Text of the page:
13 (Tzameti) (France / Georgia)

This is the place to talk about films from around the world.

13 (Tzameti) (France / Georgia)

Postby trevor826 » Mon Jul 24, 2006 3:33 pm

13 (Tzameti) (2005)

Directed by Gla Babluani

Starring George Babluani

Shot effectively in stark black and white with a slightly rough (at times almost amateurish) feel. Tzameti is a symbolic representaion of mans desire for violence. The thrill of the kill, the buzz of participating in something completely outside of the law where life is cheap and fortunes can be made or lost in a matter of seconds.

Sbastien, a young immigrant earns money from odd jobs. While repairing a roof on a house he overhears a conversation, an old man is awaiting a letter, although no information is given its quite obvious that it will lead to a day or twos work for a great deal of money. There are also other interested parties as far as this letter is concerned. Everyday as soon as the postman has delivered the mail someone takes and checks through it hoping to find the letter.

On the day it finally arrives the old man is first to the box, he takes it straight into his house and runs a bath while preparing to dope himself up. Unfortunately he overdoses and dies in the bath; the letter is blown out of the house and lands with Sbastiens tools. Aware of the old mans death and the chance of a quick buck he hides the letter and decides to follow the instructions within it.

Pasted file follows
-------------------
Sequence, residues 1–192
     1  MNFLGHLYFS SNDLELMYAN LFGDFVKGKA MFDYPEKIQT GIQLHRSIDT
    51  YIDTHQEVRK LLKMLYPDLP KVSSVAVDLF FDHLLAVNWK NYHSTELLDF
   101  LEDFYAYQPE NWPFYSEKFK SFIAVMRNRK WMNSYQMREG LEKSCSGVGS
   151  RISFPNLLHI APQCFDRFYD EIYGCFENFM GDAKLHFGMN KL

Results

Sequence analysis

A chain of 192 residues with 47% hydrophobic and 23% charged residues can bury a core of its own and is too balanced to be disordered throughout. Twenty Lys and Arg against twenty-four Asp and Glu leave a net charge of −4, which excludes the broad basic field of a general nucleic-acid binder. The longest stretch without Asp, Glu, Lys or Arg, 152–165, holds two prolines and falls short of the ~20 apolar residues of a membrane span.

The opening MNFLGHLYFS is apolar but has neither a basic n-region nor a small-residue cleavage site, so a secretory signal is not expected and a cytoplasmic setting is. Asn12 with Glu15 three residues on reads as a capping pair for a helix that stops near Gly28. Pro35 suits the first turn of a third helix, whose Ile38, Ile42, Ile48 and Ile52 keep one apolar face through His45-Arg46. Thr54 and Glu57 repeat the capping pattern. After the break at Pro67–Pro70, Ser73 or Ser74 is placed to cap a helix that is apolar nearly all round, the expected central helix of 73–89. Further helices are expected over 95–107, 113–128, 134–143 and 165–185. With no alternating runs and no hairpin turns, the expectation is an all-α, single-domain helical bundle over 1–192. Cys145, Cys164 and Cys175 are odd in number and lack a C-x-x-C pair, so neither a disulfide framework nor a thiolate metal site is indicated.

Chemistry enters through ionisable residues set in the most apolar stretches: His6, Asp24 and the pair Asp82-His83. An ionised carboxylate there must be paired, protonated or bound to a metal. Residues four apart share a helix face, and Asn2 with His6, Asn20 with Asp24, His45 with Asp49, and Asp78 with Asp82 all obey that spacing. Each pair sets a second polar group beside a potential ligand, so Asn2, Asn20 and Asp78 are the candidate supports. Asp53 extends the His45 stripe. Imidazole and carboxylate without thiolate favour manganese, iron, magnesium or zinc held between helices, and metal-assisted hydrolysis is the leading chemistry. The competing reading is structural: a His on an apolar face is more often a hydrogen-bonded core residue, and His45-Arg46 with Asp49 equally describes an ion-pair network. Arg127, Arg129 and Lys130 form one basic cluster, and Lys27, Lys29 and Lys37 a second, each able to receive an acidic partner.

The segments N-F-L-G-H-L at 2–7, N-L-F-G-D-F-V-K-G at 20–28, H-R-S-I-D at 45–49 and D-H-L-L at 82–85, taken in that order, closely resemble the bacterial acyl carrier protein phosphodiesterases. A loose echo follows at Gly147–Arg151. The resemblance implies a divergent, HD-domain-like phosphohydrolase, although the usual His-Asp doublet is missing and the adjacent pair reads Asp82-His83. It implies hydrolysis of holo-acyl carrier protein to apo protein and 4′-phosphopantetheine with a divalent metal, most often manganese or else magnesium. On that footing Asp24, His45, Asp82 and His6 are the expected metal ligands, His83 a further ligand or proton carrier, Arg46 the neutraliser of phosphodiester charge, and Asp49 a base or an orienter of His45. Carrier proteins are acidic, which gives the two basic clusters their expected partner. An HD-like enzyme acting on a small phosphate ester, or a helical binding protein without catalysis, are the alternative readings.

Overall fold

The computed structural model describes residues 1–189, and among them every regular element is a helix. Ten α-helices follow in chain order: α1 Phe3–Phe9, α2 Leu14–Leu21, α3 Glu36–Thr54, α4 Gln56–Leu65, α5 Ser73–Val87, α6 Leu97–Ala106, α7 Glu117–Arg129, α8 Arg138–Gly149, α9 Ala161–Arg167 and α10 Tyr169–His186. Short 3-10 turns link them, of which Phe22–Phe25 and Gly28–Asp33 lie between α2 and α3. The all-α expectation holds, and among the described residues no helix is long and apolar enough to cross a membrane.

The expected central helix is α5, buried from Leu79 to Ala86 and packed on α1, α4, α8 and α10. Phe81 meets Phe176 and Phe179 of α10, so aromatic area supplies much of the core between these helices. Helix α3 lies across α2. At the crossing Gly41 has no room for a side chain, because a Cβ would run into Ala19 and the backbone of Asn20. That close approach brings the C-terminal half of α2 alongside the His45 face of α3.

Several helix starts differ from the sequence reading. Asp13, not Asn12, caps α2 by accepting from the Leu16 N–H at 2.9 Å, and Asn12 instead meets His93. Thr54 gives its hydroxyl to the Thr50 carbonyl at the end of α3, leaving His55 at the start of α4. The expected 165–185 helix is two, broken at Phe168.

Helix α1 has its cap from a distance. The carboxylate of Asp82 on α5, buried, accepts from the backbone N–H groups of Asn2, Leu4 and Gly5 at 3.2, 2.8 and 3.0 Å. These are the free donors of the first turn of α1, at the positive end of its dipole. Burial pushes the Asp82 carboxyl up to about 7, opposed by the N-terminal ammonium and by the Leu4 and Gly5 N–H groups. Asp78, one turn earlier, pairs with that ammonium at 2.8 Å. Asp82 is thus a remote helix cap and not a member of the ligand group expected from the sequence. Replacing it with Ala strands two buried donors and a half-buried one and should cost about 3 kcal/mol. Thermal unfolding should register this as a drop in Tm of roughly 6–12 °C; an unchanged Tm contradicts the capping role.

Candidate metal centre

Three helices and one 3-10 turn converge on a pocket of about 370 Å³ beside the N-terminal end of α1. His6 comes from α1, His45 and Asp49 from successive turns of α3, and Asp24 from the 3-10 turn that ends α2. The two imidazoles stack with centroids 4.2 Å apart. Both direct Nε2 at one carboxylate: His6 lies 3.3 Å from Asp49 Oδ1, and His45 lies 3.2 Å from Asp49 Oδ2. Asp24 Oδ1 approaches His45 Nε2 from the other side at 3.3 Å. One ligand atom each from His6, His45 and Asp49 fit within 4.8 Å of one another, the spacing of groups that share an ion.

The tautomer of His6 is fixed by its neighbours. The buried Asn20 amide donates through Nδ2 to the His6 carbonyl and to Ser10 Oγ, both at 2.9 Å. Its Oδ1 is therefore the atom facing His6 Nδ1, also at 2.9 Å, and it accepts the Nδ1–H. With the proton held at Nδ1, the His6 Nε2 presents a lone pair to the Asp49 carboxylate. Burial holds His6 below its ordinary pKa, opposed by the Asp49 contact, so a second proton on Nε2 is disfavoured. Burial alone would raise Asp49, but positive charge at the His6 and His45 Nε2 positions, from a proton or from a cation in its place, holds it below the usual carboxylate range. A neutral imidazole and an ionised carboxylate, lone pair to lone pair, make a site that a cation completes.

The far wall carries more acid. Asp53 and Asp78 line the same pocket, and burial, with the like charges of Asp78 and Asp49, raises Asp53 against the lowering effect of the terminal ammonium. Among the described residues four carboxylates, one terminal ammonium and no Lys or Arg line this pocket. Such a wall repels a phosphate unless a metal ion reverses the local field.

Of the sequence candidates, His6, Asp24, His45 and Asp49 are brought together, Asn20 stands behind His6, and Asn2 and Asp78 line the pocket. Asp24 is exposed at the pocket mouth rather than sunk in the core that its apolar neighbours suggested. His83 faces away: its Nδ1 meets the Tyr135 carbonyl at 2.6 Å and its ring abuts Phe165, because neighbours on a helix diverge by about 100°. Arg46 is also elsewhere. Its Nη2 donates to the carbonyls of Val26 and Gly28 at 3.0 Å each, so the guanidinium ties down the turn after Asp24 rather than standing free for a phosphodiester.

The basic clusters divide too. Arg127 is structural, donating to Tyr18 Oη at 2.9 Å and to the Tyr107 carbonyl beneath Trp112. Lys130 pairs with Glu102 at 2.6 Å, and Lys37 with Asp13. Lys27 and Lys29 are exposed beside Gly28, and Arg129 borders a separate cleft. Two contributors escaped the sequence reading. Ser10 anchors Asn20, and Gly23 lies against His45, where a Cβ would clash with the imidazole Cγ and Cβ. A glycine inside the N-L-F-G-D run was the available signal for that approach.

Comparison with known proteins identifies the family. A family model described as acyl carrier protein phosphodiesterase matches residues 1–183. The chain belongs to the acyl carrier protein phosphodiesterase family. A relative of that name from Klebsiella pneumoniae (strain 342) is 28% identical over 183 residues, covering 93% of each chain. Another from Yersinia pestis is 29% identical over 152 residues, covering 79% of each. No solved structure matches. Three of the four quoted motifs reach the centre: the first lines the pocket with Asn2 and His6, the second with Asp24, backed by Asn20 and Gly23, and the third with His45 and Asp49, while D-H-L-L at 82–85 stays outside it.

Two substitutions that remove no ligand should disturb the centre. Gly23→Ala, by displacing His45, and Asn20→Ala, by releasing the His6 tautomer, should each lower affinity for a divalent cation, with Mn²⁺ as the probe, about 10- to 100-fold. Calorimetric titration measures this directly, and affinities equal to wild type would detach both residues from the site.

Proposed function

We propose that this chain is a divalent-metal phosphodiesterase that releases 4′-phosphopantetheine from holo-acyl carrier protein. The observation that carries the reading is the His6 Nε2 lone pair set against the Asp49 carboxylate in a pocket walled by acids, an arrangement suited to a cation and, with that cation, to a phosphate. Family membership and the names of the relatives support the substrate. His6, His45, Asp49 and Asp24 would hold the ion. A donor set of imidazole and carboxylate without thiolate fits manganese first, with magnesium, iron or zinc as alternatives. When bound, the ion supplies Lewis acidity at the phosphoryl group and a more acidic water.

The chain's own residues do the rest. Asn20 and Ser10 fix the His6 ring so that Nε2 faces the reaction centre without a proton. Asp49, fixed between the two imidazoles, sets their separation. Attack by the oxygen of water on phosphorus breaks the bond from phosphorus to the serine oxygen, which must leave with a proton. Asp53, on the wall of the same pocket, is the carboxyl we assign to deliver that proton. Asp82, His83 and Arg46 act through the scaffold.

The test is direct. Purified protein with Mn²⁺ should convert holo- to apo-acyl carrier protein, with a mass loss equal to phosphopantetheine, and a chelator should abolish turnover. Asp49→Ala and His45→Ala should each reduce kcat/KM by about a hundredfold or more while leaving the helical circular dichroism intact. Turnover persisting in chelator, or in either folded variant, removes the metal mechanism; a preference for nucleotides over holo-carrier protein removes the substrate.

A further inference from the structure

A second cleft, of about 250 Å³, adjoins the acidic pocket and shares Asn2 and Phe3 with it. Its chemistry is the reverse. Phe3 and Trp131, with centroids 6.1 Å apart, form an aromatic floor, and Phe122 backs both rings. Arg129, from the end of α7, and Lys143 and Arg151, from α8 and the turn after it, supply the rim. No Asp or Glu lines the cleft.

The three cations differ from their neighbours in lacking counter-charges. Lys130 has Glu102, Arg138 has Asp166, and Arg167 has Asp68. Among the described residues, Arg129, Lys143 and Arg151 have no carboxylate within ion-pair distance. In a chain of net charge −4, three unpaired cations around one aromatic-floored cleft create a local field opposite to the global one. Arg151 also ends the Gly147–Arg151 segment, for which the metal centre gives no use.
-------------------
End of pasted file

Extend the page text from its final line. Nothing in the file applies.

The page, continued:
The first half of the film plays out like a spy or crime drama, the instructions include train tickets, hotel bookings, and a telephone call leads to a further trail. Its obvious that whatever the job is, it is highly illegal, maybe drug smuggling, people traffiking, spying etc but the draw of the money and maybe even the thrill of heading into something completely unknown is too much for Sbastien to ignore.

Within a very short space of time he finds out exactly what hes let himself in for, and for all the wanting in the world theres no backing out. Along with twelve other men he takes his place in a circle, each is handed a revolver with one bullet loaded, raising their arms they spin the barrels, aim the pistols at the head of the next in line and wait. A bulb in the centre of the room will light and as per instructions, each man will pull the trigger.